Sunday, December 16, 2012
this is winter on the coast
We don't get a lot of snow out here. Sure, it piles up in the mountains above us, often tantalizing close, just a couple hundred feet up. But down here on the coast of Vancouver Island the white stuff rarely falls. A couple of times a year the biting chill of an Arctic outflow comes down out of the mainland inlets, settling in for days with bright, clear blue skies and frozen temperatures. But soon enough the prevailing southeasterly winds find their way back in with their dark clouds dense with moisture, and a heavy snow falls on the frozen landscape. The white blanket lasts a few hours, sometimes even a few days, but eventually, always, it turns to rain. In all my 33 years, I think I could comfortably count on one hand the number of white Christmases I have seen.
Winter on the coast is a lot more like yesterday. Waking in the wee hours all snug in my bed, the wind careens past the house like a freight train. I roll over and tuck back in, but the rush of wind and driving rain on the window keep sleep away. All morning the puddle fills up where the driveway meets the road, and little birds puff up and try to keep warm in the wind, flitting through the bare honeysuckle branches by the hanging suet. I keep expecting to see an old woman riding a bicycle fly past the window. Finally, into the afternoon, the rain lightens, just a little. Bundled up, I head out to explore. Here on the coast we don't often get the frozen winter temps so many other see. But there is a persistent dampness to the air that helps the gale howling up the strait cut through to the bone. In the forest the trees sway and shudder, the creek rushes its way to the sea; the outside world disappears in the wind. A couple brave souls pass me on the beach and we exchange frozen smiles before tucking our heads against the wind again.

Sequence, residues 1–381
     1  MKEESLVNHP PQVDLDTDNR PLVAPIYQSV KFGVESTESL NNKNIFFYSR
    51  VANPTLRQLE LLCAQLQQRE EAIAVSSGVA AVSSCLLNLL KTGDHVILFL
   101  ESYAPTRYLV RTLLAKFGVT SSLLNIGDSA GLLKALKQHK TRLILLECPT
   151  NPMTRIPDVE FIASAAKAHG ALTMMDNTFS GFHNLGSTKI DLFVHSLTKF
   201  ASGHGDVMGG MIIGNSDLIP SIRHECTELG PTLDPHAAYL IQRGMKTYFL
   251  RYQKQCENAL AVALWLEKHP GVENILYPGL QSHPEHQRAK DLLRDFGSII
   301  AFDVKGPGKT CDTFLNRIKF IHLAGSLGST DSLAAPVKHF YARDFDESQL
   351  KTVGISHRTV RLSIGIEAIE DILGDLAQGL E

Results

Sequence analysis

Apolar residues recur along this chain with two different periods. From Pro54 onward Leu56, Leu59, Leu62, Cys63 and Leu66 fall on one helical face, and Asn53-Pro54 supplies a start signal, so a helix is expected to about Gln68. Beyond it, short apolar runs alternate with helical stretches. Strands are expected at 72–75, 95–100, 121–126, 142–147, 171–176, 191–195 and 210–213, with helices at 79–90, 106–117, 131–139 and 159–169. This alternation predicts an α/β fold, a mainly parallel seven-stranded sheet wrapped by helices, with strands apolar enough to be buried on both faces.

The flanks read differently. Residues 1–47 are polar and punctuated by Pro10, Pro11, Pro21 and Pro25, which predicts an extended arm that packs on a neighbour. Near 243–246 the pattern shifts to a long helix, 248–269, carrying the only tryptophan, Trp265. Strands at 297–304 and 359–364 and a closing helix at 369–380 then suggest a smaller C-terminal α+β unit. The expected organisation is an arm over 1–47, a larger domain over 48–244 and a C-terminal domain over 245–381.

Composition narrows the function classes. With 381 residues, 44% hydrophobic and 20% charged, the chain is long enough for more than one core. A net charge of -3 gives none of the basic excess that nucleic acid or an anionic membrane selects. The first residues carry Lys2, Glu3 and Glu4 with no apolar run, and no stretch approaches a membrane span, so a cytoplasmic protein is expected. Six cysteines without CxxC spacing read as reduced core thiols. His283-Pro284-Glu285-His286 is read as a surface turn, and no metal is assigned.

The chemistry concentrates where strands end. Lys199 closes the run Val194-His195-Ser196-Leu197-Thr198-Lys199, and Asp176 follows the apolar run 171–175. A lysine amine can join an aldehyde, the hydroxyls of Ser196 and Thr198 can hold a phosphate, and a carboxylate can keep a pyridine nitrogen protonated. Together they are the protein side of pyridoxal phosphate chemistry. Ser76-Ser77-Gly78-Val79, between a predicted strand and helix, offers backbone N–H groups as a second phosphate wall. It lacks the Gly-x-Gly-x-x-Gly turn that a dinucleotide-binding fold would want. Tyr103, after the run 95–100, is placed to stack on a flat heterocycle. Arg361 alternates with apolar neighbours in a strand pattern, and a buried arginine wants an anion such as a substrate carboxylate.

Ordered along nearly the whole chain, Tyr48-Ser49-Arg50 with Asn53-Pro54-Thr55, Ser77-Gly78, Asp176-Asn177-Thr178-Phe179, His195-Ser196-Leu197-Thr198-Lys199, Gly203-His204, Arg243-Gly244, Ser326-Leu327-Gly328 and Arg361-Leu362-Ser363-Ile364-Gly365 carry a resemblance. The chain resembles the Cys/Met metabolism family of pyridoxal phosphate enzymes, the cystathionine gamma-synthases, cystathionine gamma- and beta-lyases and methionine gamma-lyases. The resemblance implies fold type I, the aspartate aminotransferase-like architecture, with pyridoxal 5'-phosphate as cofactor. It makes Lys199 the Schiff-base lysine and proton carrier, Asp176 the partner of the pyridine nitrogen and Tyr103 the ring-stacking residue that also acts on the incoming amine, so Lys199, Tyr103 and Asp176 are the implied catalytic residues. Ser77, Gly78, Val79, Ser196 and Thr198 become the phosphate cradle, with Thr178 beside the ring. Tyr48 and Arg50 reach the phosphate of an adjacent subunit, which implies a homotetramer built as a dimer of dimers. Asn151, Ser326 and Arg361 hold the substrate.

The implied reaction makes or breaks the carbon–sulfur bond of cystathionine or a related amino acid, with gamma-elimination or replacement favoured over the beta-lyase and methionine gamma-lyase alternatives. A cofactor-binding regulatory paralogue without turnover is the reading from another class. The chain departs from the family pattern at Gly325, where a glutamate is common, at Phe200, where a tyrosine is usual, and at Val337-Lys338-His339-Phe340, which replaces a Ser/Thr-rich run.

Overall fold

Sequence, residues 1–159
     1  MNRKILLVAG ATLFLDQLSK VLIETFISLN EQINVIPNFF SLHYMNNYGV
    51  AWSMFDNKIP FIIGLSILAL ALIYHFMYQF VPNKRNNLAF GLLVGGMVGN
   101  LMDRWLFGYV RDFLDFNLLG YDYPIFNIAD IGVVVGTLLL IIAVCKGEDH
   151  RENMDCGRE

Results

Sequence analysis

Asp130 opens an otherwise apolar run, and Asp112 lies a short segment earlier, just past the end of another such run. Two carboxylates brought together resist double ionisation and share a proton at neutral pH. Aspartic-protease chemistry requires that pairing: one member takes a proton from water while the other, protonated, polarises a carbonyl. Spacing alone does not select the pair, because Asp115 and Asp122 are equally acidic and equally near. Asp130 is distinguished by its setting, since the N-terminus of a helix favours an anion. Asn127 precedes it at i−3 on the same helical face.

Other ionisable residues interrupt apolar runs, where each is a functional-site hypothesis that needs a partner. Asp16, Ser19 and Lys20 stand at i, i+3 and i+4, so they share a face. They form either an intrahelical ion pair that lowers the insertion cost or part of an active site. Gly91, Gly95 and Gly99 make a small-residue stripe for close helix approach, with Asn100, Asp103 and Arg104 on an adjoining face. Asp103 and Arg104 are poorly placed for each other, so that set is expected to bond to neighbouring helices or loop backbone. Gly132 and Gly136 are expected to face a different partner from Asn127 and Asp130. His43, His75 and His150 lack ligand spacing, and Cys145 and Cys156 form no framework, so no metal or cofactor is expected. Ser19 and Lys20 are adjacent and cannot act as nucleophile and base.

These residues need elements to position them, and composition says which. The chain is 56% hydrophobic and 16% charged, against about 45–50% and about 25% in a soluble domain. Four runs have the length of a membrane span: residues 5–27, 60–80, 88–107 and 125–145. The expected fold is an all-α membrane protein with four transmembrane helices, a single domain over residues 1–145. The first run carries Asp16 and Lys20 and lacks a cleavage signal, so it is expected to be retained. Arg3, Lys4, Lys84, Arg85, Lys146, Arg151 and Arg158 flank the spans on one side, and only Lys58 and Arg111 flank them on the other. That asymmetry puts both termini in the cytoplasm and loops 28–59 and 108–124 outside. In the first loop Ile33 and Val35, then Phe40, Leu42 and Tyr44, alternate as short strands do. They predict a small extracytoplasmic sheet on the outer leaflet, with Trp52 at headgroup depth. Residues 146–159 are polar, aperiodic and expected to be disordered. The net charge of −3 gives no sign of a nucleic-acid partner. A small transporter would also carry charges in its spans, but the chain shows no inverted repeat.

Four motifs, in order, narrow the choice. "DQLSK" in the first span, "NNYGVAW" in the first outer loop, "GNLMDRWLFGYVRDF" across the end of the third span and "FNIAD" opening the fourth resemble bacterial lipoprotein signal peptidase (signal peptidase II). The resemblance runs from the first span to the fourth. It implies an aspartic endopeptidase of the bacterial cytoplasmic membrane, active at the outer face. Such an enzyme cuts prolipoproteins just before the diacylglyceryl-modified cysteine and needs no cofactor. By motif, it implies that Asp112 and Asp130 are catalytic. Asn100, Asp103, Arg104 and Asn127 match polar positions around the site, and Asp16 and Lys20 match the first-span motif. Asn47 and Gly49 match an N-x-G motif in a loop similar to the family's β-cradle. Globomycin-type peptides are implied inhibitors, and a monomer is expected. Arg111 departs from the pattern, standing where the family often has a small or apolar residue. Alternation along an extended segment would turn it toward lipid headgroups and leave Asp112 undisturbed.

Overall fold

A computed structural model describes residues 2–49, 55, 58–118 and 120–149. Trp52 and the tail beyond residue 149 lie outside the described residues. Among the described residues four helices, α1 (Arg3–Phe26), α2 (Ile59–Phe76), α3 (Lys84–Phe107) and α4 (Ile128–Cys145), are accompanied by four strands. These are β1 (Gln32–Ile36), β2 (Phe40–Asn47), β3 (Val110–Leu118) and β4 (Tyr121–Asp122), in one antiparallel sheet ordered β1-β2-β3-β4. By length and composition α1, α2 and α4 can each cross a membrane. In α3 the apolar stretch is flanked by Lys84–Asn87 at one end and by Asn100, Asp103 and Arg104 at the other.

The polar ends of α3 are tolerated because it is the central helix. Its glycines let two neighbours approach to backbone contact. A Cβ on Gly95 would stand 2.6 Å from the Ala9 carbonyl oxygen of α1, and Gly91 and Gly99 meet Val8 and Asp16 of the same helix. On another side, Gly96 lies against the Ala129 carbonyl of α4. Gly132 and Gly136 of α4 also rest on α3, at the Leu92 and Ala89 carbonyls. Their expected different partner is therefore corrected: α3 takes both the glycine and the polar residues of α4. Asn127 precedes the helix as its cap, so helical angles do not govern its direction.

This is winter on the coast. We hunted for a Christmas tree for my parents this afternoon in between the rain drops, winding our way through dripping branches. The tree brought home, lit up and covered in decorations, a holiday contrast to the grey and brown world outside. We ate æbleskiver and celebrated the third Sunday of advent as another storm came in. The seas rolled underneath the ferry as we crossed the water again to get home.
And yet...as if to make an exception, prove me wrong...on the drive home the rain looked distinctly thick on the windshield in the dark. As we turned inland there was no denying the snow, piling up on the road in front of us and flying toward the car in a hypnotizing swirl. Back at home closer to the ocean, the ground was still mostly mud, but the white stuff continued to fall heavily. Now it has piled up quickly and we're considering a night walk around the block. Because around here, you never know how long it is going to last...